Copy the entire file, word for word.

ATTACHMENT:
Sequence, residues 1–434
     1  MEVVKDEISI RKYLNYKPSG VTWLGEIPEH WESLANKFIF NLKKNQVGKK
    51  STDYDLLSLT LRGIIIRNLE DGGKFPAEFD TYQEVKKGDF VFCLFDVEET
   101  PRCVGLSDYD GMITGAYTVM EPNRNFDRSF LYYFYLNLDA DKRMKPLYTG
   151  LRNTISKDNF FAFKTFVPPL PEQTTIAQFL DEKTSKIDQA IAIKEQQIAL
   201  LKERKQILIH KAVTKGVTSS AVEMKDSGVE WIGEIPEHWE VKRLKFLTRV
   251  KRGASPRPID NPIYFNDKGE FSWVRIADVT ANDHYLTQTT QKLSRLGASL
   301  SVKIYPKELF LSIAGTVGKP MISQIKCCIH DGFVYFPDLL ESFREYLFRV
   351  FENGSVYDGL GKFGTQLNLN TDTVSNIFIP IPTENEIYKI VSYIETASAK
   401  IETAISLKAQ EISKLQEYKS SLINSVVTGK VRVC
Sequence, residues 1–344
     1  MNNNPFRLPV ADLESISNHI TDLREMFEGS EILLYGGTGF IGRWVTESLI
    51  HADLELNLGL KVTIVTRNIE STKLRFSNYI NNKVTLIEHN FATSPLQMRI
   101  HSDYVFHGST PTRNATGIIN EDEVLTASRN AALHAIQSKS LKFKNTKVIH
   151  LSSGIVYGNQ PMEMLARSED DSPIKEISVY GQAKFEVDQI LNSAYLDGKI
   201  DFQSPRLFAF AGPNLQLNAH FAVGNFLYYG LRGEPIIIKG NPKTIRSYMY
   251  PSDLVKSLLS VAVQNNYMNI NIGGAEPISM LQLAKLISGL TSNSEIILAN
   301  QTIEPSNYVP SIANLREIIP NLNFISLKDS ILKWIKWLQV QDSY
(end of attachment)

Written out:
Sequence, residues 1–434
     1  MEVVKDEISI RKYLNYKPSG VTWLGEIPEH WESLANKFIF NLKKNQVGKK
    51  STDYDLLSLT LRGIIIRNLE DGGKFPAEFD TYQEVKKGDF VFCLFDVEET
   101  PRCVGLSDYD GMITGAYTVM EPNRNFDRSF LYYFYLNLDA DKRMKPLYTG
   151  LRNTISKDNF FAFKTFVPPL PEQTTIAQFL DEKTSKIDQA IAIKEQQIAL
   201  LKERKQILIH KAVTKGVTSS AVEMKDSGVE WIGEIPEHWE VKRLKFLTRV
   251  KRGASPRPID NPIYFNDKGE FSWVRIADVT ANDHYLTQTT QKLSRLGASL
   301  SVKIYPKELF LSIAGTVGKP MISQIKCCIH DGFVYFPDLL ESFREYLFRV
   351  FENGSVYDGL GKFGTQLNLN TDTVSNIFIP IPTENEIYKI VSYIETASAK
   401  IETAISLKAQ EISKLQEYKS SLINSVVTGK VRVC
Sequence, residues 1–344
     1  MNNNPFRLPV ADLESISNHI TDLREMFEGS EILLYGGTGF IGRWVTESLI
    51  HADLELNLGL KVTIVTRNIE STKLRFSNYI NNKVTLIEHN FATSPLQMRI
   101  HSDYVFHGST PTRNATGIIN EDEVLTASRN AALHAIQSKS LKFKNTKVIH
   151  LSSGIVYGNQ PMEMLARSED DSPIKEISVY GQAKFEVDQI LNSAYLDGKI
   201  DFQSPRLFAF AGPNLQLNAH FAVGNFLYYG LRGEPIIIKG NPKTIRSYMY
   251  PSDLVKSLLS VAVQNNYMNI NIGGAEPISM LQLAKLISGL TSNSEIILAN
   301  QTIEPSNYVP SIANLREIIP NLNFISLKDS ILKWIKWLQV QDSY